2005 March 16

Annual Sunshine Week: Celebrate Freedom of Information


Sunshine Week was begun in 2005 and is celebrated annually to honor the principle of freedom of information. The federal Freedom of Information Act was signed by President Lyndon Johnson on July 4, 1966, and has played an extremely important role in exposing misdeeds by the federal government. Each of the states, meanwhile, has a freedom of information or open records or public records act of its own.

This date was chosen for Sunshine Week in part because it also marks the birthday of James Madison, widely credited with being the father of the Bill of Rights.

Read the outstanding new book: Michael Schudson, The Rise of the Right to Know: Politics and the Culture of Transparency, 1945-1975 (2015)

Learn more about Sunshine Week: http://www.nfoic.org/sunshine-week-2013

Learn more about states’ open records laws at the Reporters Committee for Freedom of the Press: http://www.rcfp.org/open-government-guide.

Find a Day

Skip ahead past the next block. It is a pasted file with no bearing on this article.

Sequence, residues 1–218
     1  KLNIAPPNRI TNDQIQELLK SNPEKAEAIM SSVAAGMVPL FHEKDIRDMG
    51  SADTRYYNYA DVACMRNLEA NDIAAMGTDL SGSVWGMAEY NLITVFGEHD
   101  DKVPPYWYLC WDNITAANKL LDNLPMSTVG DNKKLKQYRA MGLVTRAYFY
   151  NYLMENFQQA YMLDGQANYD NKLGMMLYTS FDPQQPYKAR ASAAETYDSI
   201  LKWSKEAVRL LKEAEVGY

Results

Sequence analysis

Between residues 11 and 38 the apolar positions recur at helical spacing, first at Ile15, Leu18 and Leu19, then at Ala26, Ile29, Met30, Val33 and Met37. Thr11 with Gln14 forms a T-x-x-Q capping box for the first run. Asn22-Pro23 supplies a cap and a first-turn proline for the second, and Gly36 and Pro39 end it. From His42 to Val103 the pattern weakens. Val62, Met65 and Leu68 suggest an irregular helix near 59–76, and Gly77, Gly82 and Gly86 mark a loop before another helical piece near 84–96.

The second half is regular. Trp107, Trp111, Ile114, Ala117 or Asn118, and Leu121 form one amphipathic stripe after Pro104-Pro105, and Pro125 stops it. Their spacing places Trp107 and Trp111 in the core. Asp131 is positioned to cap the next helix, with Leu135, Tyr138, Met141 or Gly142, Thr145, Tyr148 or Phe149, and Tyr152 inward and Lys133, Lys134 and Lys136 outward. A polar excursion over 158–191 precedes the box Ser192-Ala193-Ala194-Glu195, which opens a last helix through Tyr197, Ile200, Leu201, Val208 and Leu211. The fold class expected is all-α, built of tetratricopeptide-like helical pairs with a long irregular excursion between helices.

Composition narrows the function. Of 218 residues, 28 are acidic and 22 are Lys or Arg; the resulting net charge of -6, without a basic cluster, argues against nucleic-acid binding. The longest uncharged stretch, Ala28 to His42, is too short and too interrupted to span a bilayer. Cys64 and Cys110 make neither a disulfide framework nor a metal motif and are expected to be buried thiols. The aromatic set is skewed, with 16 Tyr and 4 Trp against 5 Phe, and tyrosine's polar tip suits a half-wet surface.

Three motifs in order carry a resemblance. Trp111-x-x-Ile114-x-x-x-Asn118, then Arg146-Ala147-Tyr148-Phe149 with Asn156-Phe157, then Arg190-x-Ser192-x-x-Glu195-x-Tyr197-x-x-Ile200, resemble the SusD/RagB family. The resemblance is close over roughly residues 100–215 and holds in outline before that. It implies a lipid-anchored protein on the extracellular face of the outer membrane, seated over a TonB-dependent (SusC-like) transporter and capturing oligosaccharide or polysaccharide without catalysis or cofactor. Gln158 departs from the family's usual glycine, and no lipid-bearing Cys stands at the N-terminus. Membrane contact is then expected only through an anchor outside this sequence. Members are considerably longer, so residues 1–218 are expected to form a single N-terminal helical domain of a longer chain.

Abortion Rights ACLU african-americans Alice Paul anti-communism Anti-Communist Hysteria Birth Control Brown v. Board of Education Censorship CIA Civil Rights Civil Rights Act of 1964 Cold War Espionage Act FBI First Amendment Fourteenth Amendment freedom of speech Free Speech Gay Rights Hate Speech homosexuality Hoover, J. Edgar HUAC Japanese American Internment King, Dr. Martin Luther Ku Klux Klan Labor Unions Lesbian and Gay Rights Loyalty Oaths McCarthy, Sen. Joe New York Times Obscenity Police Misconduct Same-Sex Marriage Separation of Church and State Sex Discrimination Smith Act Spying Spying on Americans Vietnam War Voting Rights Voting Rights Act of 1965 War on Terror Watergate White House Women's Rights Women's Suffrage World War I World War II Relocation Camps


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